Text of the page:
Hood v. Ryobi Am. Corp.

181 F.3d 608 (4th Cir. 1999)

 

RULE:

Strict liability is conditioned upon the product reaching the user without substantial change in the condition in which it is sold. Similarly, a manufacturer is not liable in negligence if an intervening alteration of the product was the superseding cause of a consumer's injuries. This rule has been expressed alternatively as one of duty and one of causation. First, a manufacturer is only required to design a product that is safe for its reasonably foreseeable uses. If that duty is met, the product is simply not defective. Second, if a consumer alters a product in a way that creates a defect, the consumer's conduct rather than the manufacturer's is the proximate cause of any ensuing accident. Under either rationale, a post-sale product alteration will defeat a design defect claim if that alteration leads directly to the plaintiff's injury.

FACTS:

Plaintiff consumer purchased defendant manufacturer's miter saw, removed the blade guards, and accidentally cut off part of his thumb and lacerated his leg while using the saw. Plaintiff sued defendant alleging the product was both defective and lacked warnings against its use without the guards. The district court dismissed the complaint on summary judgment.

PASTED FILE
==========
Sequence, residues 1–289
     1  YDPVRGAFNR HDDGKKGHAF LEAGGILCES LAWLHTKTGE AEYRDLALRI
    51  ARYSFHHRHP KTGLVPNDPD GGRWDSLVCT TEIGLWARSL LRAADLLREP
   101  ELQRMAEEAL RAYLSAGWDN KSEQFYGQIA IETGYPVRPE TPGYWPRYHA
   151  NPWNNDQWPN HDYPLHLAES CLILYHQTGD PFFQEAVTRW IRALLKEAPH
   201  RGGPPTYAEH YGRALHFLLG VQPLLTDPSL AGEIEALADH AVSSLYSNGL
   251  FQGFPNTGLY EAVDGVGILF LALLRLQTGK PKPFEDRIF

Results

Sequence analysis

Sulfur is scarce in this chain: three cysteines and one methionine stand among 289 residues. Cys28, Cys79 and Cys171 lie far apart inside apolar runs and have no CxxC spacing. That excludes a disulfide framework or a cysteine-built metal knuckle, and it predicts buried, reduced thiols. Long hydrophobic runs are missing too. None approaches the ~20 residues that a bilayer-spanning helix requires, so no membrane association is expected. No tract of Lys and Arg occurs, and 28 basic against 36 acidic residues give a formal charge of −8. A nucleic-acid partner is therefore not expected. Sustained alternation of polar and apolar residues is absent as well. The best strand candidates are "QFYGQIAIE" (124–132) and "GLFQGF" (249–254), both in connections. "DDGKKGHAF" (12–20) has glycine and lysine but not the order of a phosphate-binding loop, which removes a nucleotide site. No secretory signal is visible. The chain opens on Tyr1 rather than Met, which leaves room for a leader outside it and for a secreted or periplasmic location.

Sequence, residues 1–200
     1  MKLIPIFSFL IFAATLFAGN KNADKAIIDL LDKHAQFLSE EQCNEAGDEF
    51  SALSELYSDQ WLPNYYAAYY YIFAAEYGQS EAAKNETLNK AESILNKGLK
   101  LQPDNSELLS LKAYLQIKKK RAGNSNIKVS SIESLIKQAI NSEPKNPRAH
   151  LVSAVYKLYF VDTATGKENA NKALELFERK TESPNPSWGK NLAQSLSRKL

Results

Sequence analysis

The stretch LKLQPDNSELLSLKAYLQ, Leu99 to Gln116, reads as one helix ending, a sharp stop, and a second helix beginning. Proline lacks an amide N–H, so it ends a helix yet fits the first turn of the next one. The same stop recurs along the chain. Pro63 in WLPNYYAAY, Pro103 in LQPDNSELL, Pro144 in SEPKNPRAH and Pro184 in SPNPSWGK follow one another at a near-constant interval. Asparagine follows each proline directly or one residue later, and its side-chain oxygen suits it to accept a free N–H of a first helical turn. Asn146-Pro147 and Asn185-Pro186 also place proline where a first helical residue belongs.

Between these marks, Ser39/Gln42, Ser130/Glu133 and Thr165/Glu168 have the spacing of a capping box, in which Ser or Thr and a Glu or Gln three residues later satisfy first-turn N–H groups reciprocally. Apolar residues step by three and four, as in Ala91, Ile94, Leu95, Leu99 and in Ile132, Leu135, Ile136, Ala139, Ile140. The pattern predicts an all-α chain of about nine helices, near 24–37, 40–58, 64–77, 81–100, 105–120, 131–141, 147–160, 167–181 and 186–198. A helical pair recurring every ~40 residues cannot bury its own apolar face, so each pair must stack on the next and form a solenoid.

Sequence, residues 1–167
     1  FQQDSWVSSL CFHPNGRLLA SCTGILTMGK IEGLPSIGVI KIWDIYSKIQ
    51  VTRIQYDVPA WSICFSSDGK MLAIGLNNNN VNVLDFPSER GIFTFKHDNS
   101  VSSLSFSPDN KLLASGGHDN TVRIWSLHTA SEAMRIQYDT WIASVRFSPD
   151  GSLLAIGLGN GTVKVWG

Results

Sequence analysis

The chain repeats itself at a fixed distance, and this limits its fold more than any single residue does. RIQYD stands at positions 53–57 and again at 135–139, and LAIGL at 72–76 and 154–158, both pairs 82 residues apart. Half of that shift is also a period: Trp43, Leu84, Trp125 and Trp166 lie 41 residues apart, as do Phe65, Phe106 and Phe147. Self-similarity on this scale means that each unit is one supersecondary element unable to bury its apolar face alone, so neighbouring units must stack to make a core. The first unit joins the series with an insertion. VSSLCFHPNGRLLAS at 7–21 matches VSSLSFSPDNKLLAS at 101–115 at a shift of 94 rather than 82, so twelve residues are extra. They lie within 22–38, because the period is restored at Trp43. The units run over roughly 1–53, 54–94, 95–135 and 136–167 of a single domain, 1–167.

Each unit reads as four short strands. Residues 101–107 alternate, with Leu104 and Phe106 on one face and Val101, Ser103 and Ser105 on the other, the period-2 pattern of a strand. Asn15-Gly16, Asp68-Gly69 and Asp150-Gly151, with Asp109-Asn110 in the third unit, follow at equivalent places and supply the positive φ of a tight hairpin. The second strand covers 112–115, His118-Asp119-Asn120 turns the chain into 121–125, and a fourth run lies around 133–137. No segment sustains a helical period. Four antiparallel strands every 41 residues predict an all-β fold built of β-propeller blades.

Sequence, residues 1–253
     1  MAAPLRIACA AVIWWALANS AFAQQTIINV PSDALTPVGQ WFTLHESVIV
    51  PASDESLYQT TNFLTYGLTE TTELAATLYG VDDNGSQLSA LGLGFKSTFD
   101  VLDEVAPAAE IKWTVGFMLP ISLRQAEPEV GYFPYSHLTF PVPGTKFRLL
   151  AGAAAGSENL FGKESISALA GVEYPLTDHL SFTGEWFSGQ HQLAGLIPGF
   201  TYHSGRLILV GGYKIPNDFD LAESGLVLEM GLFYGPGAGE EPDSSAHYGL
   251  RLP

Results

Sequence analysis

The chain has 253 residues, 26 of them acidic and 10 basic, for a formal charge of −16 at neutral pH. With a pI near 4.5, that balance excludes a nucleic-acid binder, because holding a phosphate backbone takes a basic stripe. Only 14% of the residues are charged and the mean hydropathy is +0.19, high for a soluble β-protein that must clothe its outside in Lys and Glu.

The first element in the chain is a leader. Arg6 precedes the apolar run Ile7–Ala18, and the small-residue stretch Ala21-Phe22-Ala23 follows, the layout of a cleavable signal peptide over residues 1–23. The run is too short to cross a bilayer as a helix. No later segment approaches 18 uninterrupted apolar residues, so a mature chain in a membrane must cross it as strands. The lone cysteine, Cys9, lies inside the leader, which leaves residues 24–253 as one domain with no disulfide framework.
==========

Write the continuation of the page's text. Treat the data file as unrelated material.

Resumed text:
ISSUE:

Whether the product had adequate warnings against its use without the guards even if it contained no specific description of what harm might occur if misused.

ANSWER:

Yes.

CONCLUSION:

The court determined that defendant provided adequate warnings against using the saw without the guards, and did not manufacture a defective product. The court cited seven warnings on the tool or in the operator's manual against using the saw without the guards. The court stated that under Maryland law, the warning need not contain a specific description of what harm might occur if a product was misused, and held that warnings describing serious injury were sufficient. The court also held that the fact that the saw blade came off its spindle after plaintiff removed the guards did not make it a defective product. The court held that plaintiff's injuries were the direct result of his alteration of the tool. The court stated that strict liability was conditioned upon the product reaching the user without substantial change in the condition in which it was sold, and that a manufacturer was not liable in negligence if an intervening alteration of the product was the superseding cause of injury.

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